A discretionary expense is a non-essential expense that is incurred by an individual, household, or business. Another way to think of discretionary expenses is to classify them as “wants” instead of “needs.”
A common example is when an individual purchases a new smartphone whenever the latest edition comes out. It is a purchase that helps the individual feel good but hardly relates to the individual’s survival.
Understanding Discretionary Expenses
Discretionary expenses can be incurred in the following situations:
Households and Individuals
An economy is made up of many households and individuals. The economy grows through increased production and spending, and the individuals within a market-based economy spend a lot without even thinking about it.
Some of the expenditures are necessary expenses – food, water, clothing, and shelter. However, most of the expenditures in modern society are discretionary expenses.
Most individuals receive some sort of income. The amount of income remaining after paying off all necessary expenses is known as discretionary income. It can be spent on goods and services or saving/investing at the individual’s discretion.
Also, various essential expenses exist. Some are required by law, while others are necessary for survival. Such expenses can be taxes, various forms of insurance, rent, food, transportation, etc. Usually, an individual faces no choice but to shoulder the expenses.
Every other expense is classified as a discretionary expense. They include vacations and luxury goods and services.
In microeconomics, discretionary expenses are considered more price elastic. Price elasticity refers to the sensitivity of individuals to the price of goods and services. Necessary items are price inelastic since no matter how much they are, we are still going to pay for them.
Whereas if discretionary items become more expensive, they can be cut out of an individual’s budget more easily. During an economic recession, many individuals are fearful of losing their jobs, and therefore, will cut down on discretionary expenses.
Certain costs may be discretionary for some businesses but essential in others. For instance, an internet connection is crucial for a cloud storage company to operate. However, a retail store may be able to run without it. Training costs may be essential expenses for a company, but discretionary for another.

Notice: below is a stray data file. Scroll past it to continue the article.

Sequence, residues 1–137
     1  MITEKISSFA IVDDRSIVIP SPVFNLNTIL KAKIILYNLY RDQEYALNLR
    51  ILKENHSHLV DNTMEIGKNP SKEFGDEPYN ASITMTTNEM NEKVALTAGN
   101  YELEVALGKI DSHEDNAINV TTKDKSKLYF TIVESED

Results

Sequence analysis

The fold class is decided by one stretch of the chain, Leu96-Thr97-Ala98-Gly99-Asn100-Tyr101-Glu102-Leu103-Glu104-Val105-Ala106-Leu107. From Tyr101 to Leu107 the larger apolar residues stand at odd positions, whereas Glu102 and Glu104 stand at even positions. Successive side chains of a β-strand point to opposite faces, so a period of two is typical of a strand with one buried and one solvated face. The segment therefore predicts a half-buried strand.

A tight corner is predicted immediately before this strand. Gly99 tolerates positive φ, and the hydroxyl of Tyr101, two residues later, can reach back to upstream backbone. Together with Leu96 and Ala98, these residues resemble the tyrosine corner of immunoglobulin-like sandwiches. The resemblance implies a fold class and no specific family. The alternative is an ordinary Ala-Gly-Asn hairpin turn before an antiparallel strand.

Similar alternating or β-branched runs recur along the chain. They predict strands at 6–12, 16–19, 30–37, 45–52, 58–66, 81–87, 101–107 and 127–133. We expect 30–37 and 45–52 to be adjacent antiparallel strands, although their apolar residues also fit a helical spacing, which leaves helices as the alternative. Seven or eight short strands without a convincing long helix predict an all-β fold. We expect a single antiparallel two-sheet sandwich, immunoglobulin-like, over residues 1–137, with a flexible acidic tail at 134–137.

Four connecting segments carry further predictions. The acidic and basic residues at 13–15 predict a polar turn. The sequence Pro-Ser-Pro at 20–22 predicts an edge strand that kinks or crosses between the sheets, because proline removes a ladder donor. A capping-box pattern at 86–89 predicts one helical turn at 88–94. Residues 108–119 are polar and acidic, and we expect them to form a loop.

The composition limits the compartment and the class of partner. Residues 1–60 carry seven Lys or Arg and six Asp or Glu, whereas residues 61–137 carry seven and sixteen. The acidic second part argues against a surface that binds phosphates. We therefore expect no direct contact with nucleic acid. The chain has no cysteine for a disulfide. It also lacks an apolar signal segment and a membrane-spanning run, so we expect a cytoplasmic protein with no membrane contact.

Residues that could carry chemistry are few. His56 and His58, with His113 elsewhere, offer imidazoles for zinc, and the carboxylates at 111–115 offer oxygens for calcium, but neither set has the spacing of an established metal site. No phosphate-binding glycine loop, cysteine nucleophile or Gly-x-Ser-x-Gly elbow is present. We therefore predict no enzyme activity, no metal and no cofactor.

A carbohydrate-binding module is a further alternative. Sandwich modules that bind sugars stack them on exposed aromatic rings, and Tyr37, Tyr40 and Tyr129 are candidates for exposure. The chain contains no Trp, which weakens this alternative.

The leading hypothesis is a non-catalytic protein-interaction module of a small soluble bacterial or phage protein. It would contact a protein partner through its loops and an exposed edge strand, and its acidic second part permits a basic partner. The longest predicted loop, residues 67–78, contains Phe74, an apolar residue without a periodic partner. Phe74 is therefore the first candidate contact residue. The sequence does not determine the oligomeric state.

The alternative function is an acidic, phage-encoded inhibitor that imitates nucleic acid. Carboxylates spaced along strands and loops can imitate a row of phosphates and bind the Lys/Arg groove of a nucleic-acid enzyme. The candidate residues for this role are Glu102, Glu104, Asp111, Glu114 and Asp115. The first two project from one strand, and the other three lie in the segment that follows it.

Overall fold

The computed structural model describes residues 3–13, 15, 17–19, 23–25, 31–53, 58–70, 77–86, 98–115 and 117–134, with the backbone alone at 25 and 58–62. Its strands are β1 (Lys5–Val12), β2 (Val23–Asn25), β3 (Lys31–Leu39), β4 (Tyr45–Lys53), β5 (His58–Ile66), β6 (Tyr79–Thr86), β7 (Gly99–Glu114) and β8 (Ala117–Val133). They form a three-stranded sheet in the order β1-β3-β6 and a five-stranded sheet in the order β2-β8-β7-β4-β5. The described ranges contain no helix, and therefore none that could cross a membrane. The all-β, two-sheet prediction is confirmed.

If a recession occurs, discretionary expenses will be the first expenses to be cut by a business.
Investments are also discretionary expenses for businesses. Merger & acquisition (M&A) activity is a discretionary expense that is used as part of its strategy to supplement its operations or for growth.
Companies that sell discretionary products or that provide discretionary services are fairly cyclical businesses. It means that their revenues and earnings fluctuate over time.
When there are economic contractions, there is less demand for their products and services. Companies must be competent in controlling their costs, and must not take on too much leverage to weather economic downturns.
Leverage comes in two main forms:
Operating leverage is applied when a company takes on more fixed costs as opposed to variable costs. This amplifies the impact of revenue increases flowing to the bottom line. However, it also amplifies the impact of revenue decreases.
Financial leverage is applied when a company takes on more debt. It amplifies the impact of revenue increases and decreases flowing to the bottom line.
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